LIBERTY ALERTS, LIBERTY COUNSEL
SACRAMENTO, CA — Riverside County Superior Court Judge Daniel Ottolia has overturned California’s law legalizing assisted suicide and ruled it was illegally passed during a special session devoted to other topics.
Judge Ottolia indicated the End of Life Option Act was improperly passed during a special session that was supposed to address Medicaid funding shortfalls, services for the disabled and in-home health support services. The judge ruled that the state legislature should not have approved the assisted suicide law because the subject of the law fell outside the grounds of the special session. However, Judge Ottolia is holding his judgement for five days which allows the state to file an emergency appeal, something California Attorney General Xavier Becerra, who says he strongly disagrees with the ruling, says he plans to do.
Signed by Gov. Jerry Brown in 2015, the assisted death law allows doctors to prescribe lethal drugs to patients with six months or less to live, but plaintiffs say it lacks safeguards to protect against abuse.
California health officials reported that 111 terminally ill people took drugs to end their lives in the first six months after the law went into effect June 9, 2016.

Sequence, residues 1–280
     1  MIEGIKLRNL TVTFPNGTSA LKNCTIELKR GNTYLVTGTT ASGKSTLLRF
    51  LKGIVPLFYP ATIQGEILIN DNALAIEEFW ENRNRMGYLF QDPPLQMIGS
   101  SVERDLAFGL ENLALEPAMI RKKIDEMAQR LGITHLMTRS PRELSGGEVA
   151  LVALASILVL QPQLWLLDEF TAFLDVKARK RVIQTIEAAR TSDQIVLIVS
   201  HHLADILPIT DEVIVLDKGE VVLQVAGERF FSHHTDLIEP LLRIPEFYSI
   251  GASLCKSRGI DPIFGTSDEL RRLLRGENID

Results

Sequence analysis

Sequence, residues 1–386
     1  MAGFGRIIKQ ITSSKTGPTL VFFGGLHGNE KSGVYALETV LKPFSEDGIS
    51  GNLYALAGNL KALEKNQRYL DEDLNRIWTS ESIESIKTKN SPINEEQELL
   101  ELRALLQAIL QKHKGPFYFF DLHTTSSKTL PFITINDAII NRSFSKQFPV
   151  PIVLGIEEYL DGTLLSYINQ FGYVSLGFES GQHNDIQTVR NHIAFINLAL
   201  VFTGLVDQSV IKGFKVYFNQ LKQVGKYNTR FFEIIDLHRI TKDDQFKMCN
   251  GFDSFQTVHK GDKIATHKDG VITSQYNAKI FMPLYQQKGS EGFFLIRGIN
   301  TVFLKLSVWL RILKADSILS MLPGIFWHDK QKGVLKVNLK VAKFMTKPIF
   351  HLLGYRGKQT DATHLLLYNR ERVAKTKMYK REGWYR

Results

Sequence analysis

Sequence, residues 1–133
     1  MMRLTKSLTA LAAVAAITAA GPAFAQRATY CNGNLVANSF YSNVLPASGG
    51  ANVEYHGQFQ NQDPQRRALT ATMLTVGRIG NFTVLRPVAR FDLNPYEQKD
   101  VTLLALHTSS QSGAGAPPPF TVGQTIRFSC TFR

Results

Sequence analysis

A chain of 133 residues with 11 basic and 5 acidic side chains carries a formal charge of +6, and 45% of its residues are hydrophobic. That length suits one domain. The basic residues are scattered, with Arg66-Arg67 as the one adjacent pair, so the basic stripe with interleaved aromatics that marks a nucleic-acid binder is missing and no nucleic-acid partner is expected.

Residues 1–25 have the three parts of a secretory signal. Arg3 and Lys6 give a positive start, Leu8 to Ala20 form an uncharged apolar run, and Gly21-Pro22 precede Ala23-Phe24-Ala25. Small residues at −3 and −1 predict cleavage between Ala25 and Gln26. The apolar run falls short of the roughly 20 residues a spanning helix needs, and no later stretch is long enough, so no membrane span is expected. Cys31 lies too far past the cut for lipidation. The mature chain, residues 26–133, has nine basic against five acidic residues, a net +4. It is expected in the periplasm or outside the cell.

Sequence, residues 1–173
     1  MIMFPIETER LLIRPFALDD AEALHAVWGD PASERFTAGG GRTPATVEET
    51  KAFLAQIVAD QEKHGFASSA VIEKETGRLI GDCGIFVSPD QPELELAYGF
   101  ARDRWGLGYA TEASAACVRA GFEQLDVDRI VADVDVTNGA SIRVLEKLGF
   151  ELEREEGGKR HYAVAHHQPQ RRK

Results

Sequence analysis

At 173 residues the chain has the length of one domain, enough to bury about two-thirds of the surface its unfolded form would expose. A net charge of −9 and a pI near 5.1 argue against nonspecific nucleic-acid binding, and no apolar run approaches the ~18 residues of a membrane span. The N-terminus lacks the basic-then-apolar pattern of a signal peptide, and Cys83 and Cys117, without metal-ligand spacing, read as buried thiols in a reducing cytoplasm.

California is one of seven states and the District of Columbia that currently has legal protections for assisted suicide. They account for about one-fifth of the U.S. population.
“During a special session to address Medicaid shortfalls, legislators pushed a bill designed to kill people,” said Mat Staver, Founder and Chairman of Liberty Counsel. “It seems clear that a session devoted to help people receive medical care so they can live is incompatible with a bill to facilitate their death. Special sessions are just that – a session devoted to a specific topic. Since the assisted death bill was not part of the session addressing Medicaid, the judge correctly ruled it was improperly passed,” said Staver.
Used with the permission of Liberty Counsel.
Liberty Counsel is an international nonprofit, litigation, education, and policy organization dedicated to advancing religious freedom, the sanctity of life, and the family since 1989, by providing pro bono assistance and representation on these and related topics.